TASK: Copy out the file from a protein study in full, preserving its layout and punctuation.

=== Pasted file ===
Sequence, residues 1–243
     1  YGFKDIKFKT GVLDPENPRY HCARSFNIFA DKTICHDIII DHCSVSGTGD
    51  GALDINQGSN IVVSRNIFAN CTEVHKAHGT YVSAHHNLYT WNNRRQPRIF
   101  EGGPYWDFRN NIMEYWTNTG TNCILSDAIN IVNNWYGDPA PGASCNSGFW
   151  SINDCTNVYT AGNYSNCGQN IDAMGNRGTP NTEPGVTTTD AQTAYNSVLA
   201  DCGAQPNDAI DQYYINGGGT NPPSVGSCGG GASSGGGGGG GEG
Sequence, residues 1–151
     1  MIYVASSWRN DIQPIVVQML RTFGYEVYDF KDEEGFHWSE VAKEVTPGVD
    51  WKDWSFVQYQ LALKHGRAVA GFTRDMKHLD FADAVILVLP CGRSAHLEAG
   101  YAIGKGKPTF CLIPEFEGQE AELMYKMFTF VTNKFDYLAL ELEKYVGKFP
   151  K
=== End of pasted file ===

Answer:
Sequence, residues 1–243
     1  YGFKDIKFKT GVLDPENPRY HCARSFNIFA DKTICHDIII DHCSVSGTGD
    51  GALDINQGSN IVVSRNIFAN CTEVHKAHGT YVSAHHNLYT WNNRRQPRIF
   101  EGGPYWDFRN NIMEYWTNTG TNCILSDAIN IVNNWYGDPA PGASCNSGFW
   151  SINDCTNVYT AGNYSNCGQN IDAMGNRGTP NTEPGVTTTD AQTAYNSVLA
   201  DCGAQPNDAI DQYYINGGGT NPPSVGSCGG GASSGGGGGG GEG
Sequence, residues 1–151
     1  MIYVASSWRN DIQPIVVQML RTFGYEVYDF KDEEGFHWSE VAKEVTPGVD
    51  WKDWSFVQYQ LALKHGRAVA GFTRDMKHLD FADAVILVLP CGRSAHLEAG
   101  YAIGKGKPTF CLIPEFEGQE AELMYKMFTF VTNKFDYLAL ELEKYVGKFP
   151  K